Alexandria Ocasio-Cortez (AOC) is everywhere; it is as if she found a phone booth (doubt they exist anymore) and then reappeared as Superwoman.

AOC seems to be the leading advocate for the Green New Deal, Medicare for All, and the provocateur who caused Amazon to reverse course on its planned expansion in New York. AOC has the attributes that populate the media—good looks, and quick-tongued. And I might add, an absence of deep knowledge that might inform or even pre-empt the quick tongue. 

In reaction to her comment about a three billion dollar tax credit that was a part of the Amazon deal to establish a second headquarters in New York, the New York Times columnist, Andrew Ross Sorkin, commented: “There is a financial literacy epidemic in America. Quick lesson: NYC wasn’t handing cash to Amazon. It was an incentive program based on job creation, producing tax revenue.” AOC had said the $3 billion could be better spent on other things. 

Now lest I be taken to task for being anti-good looks paired with a quick-tongue, there are persons in that category that are thoughtful. Amy Klobuchar, for example.

As a Republican who has decided well in advance of the next presidential election to vote for someone other than President Trump, I decided to begin to pay attention to the center-left candidates seeking the nomination to run for President. In pursuit, I watched CNN’s coverage of a New Hampshire town hall meeting featuring Amy Klobuchar, a U.S. Senator from Minnesota who is in the race. My wife, after all, is from Minnesota and we have gotten along for over fifty years; a testament to her tolerance.

Predictably, the first questions of the Senator pertained to the Green New Deal and Medicare For All. She skirted an answer by calling both aspirational but impractical in some respects. She was not full-throated in her objections, but I guess that is to be expected when rationality is on the defensive.

Adding to my angst as a potential voter for the Democratic nominee are polls that show Millenials infatuated with Socialism and the immediate leap to the top of the polls by Democrat-Socialist Senator Bernie Sanders after his announcement last week. All of this has caused one friend who voted for Hillary Clinton in 2016 to say he is likely to vote for Trump this time around. As painful as it would be if the Democrats nominate somebody from the hard left, I might join my friend.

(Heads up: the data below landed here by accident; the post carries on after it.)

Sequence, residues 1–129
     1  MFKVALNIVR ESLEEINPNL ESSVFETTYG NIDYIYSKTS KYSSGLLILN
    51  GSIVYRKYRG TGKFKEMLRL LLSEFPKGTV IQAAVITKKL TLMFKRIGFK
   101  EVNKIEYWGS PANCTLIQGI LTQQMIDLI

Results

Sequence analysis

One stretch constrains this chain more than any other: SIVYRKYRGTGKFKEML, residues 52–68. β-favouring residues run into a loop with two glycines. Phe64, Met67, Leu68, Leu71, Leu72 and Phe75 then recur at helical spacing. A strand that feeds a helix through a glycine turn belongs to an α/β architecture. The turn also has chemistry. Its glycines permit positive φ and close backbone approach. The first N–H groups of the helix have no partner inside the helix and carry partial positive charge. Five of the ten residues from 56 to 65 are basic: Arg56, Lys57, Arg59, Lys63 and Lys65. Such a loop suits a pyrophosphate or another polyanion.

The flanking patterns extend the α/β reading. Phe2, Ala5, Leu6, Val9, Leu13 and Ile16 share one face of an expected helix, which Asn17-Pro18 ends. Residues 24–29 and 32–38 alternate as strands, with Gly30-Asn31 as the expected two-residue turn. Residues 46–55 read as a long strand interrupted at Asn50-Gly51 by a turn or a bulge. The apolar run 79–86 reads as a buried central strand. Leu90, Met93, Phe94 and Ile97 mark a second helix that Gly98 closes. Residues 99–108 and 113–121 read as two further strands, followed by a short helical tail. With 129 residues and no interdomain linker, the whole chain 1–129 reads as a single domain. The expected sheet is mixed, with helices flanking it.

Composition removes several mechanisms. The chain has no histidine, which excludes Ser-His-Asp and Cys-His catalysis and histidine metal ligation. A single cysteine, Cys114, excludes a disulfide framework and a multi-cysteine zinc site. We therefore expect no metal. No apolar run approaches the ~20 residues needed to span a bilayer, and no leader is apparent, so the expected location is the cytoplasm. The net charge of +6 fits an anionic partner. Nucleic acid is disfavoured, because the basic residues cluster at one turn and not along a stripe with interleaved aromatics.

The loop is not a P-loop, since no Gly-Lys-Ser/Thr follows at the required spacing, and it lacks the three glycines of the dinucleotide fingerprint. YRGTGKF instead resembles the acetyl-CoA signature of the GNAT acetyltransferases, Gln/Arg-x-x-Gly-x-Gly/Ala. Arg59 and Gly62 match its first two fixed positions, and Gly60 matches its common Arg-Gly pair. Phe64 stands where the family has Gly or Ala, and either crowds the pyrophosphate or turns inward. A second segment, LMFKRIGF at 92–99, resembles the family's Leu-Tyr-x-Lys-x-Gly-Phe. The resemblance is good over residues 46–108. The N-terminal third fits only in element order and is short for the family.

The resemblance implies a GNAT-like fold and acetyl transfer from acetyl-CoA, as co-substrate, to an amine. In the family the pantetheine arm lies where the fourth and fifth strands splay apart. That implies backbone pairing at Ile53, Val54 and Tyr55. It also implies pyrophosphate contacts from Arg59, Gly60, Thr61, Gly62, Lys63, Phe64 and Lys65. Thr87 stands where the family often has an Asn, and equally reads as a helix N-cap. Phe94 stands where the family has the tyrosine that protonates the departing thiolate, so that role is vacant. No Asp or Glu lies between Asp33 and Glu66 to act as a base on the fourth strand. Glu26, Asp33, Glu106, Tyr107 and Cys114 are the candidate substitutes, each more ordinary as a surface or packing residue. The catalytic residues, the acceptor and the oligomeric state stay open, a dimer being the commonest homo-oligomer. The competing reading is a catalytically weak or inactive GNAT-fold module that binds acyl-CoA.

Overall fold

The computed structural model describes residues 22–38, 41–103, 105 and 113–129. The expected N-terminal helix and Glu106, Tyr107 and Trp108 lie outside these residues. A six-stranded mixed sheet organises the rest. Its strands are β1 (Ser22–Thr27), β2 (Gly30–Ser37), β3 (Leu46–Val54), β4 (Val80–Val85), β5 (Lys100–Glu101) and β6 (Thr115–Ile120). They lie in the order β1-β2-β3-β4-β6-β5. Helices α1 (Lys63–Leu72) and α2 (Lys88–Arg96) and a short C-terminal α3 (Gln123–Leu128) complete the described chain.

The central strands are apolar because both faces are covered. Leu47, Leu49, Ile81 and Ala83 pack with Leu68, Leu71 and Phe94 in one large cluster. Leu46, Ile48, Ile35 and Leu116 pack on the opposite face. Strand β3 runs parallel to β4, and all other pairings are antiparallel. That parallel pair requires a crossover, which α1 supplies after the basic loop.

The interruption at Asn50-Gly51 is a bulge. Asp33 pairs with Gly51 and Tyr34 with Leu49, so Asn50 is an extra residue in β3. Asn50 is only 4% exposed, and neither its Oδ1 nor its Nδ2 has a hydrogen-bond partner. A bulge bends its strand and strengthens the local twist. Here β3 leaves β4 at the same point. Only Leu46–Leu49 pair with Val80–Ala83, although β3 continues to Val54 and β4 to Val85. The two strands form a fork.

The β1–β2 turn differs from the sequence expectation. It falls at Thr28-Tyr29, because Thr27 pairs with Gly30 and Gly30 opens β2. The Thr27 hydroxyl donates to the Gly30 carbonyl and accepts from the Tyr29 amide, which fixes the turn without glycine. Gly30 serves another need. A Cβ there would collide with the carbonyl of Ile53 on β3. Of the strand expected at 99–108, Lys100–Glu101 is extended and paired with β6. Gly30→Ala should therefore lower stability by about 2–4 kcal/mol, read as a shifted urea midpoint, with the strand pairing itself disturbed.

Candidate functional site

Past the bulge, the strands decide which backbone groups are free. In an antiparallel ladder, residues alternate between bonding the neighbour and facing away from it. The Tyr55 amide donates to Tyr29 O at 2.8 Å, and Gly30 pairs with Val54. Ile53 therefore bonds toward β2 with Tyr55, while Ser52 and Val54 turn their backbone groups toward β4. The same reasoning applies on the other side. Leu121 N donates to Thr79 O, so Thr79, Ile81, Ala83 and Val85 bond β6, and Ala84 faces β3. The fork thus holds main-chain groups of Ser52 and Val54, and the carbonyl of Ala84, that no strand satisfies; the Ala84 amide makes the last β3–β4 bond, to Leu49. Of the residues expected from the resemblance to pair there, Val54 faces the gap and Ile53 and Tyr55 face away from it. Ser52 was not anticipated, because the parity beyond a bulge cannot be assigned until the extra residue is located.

Okay, I know the election is twenty-two months away so there is a lot of time to vet candidates. But it is probable that in several months the candidate slates will be fully formed. It is also probable that a culture of slogans will persist. Afterall it is hard to take back an endorsement of a slogan in the age of gotcha politics. Make America Great Again (MAGA) anyone? 

Having posed the problem as I see it, let me simply ask several questions and close.

Is there a more benign version of capitalism where stockholders pay attention to stakeholders, like workers, on offer? Perhaps Bill Gates and Warren Buffet can create a movement toward a more equitable distribution of business revenues. Is there a Republican who can support regulations when companies pursue profits at all costs?

Are there examples of socialism, defined as “any of various economic and political theories advocating collective or governmental ownership and administration of the means of production and distribution of goods,” that actually work? I for one do not regard safety net programs as socialism, they are just inadequately funded. 

Are there examples of large government agencies that are not corrupted by self-serving interests and/or ambitious bureaucrats?

Are there center-right reformers who have not been either co-opted or silenced by Trump? If so, what do they stand for? Who are their advocates?

Are there center-left reformers who have not been intimated by the hard left? If so, what do they stand for? Who are their advocates?

Or, have we descended into an era of personality politics and performance art that makes these questions seem woefully out of date, indeed irrelevant?

We live at a moment when history, as the content of databases, can be tapped to find efficacy, as in what has worked or not? Is there anyone up for attempting to discern practical solutions in our age of disruption?A